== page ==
Portfolio overview H1 2016

As you can see my portfolio is currently positioned conservatively with a big allocation to special situations (that usually are less correlated with the overall market) and cash. While my allocation to special situations varies throughout the year I think this is reasonable representative for the first six months of 2016. I think I can be pleased that assets that made up just 25% of my portfolio generated the majority of my overall performance. Unfortunately I cannot simply allocate more capital to this category because there are usually a limited number of attractive deals in a given time period that I can find. Kahala Brands is for example accounting for roughly a third of the special situations portfolio right now which is certainly as big as I want to go. If anything that might be a bit on the too big side already since the spread has already narrowed significantly since I first posted about the idea. But with an expected close in roughly one month time while the spread is still 6% selling just feels wrong.


Long everything in the portfolio overview

19 thoughts on “Half-year portfolio review, 2016 edition

  1. Pete

    Congrats! A great record in the making.

    How do you go about sizing positions for the special situations portfolio and how many special situations investments would you roughly make a year?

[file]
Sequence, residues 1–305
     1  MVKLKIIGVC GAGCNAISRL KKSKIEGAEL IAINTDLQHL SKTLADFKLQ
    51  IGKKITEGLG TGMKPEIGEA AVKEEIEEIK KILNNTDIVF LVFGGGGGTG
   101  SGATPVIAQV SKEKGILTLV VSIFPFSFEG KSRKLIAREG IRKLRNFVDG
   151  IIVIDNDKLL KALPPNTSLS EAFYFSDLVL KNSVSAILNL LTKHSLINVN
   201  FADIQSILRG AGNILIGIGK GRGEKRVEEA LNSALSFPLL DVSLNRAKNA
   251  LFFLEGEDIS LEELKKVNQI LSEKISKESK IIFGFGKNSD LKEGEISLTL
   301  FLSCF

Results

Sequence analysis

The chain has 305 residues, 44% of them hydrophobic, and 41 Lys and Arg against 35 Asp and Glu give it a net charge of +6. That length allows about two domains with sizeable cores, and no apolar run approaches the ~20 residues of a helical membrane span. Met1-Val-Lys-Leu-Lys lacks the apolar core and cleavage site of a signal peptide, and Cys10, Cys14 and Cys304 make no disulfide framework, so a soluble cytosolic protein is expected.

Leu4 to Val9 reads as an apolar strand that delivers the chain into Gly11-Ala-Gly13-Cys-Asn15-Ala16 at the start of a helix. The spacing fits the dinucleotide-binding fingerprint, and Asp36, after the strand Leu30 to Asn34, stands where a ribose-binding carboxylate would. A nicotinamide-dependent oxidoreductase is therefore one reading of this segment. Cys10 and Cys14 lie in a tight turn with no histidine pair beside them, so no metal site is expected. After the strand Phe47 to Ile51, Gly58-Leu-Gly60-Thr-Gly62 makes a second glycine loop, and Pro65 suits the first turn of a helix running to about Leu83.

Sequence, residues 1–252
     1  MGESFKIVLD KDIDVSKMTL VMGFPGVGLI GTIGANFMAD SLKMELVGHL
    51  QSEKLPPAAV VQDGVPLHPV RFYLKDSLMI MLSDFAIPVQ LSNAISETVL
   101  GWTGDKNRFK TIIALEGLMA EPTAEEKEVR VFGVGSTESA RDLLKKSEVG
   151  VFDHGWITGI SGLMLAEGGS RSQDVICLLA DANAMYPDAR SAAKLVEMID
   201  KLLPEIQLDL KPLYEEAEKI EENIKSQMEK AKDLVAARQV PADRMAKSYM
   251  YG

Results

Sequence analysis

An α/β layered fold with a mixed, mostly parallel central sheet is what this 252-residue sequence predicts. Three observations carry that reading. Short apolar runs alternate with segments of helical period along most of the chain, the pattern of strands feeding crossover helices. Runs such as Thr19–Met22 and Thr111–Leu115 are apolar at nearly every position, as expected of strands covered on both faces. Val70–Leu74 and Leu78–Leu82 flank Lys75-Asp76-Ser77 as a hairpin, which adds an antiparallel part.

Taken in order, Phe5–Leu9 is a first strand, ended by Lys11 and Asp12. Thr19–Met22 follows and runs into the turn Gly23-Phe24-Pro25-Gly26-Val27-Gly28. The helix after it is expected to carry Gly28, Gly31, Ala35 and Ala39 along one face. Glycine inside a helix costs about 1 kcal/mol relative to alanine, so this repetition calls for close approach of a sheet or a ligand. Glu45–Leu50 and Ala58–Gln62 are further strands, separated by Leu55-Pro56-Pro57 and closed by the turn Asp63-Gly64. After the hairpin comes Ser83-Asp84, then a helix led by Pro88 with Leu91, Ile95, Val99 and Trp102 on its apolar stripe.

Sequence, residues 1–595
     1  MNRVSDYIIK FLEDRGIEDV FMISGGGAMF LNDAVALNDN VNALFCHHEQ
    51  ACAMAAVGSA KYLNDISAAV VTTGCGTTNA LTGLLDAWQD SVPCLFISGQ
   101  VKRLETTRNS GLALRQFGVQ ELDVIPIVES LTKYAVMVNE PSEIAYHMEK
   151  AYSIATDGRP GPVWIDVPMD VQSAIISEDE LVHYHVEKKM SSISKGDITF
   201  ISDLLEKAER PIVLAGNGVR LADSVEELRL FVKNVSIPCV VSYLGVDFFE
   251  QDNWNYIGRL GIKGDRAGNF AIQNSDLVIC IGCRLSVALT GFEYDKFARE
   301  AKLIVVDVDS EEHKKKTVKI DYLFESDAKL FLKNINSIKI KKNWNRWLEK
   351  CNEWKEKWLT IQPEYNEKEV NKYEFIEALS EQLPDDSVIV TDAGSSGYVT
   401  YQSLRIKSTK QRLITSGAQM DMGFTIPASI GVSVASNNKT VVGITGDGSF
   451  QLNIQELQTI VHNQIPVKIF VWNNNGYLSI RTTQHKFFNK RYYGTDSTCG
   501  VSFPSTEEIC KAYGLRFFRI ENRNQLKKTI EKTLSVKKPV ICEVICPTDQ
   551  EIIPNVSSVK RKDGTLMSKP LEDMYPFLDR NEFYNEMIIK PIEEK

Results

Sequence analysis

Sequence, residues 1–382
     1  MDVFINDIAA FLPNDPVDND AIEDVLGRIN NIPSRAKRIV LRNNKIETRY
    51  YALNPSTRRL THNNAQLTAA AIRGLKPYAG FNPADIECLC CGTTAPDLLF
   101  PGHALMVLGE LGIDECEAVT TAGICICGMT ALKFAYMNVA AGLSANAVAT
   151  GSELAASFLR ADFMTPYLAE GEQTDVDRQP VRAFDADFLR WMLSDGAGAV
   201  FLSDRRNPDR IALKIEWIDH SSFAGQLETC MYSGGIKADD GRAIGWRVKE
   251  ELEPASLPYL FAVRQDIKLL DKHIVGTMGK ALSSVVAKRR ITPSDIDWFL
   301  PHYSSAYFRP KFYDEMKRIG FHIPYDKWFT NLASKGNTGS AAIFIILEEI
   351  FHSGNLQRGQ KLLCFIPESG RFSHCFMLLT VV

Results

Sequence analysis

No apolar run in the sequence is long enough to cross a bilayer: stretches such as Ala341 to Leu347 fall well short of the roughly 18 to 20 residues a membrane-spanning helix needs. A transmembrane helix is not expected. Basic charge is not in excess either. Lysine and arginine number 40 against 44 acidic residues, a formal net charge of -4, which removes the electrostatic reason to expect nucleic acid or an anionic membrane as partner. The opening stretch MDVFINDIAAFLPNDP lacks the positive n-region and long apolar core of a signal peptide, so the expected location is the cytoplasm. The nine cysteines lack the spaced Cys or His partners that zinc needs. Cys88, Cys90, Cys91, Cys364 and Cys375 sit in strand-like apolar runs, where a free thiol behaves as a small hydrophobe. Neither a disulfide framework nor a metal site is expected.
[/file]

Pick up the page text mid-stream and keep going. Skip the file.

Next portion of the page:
I am assuming you don’t post all special situation investments on the blog?

    Thanks so much for sharing!

    1. Alpha Vulture Post author

      Thanks! Indeed, the majority of the special situations are not posted on my blog. Think I probably participate in something like 50 or 100 different things this year. And sizing is mainly a function between risk and reward, unless I simply can’t size it as big as I would like because of liquidity or other reasons.

      1. Peter Nicholls

        Thanks for that info alpha.

        You must read a ton! Any tips on sources to find special situations ideas? Do you set alerts for relevant filings or something like that?

        Your blog has inspired me to really did into merger arb.


        1. Alpha Vulture Post author

          Yes, I basically try to keep track of all mergers and other special situations. You can for example track all SC TO-C filings at the SEC and that already covers a lot.

      2. Peter Nicholls

        Hey Alpha

        Do you have any books on special situation investing that you would recommend?

        Cheers mate, congrats on the 5 years!

      1. Dave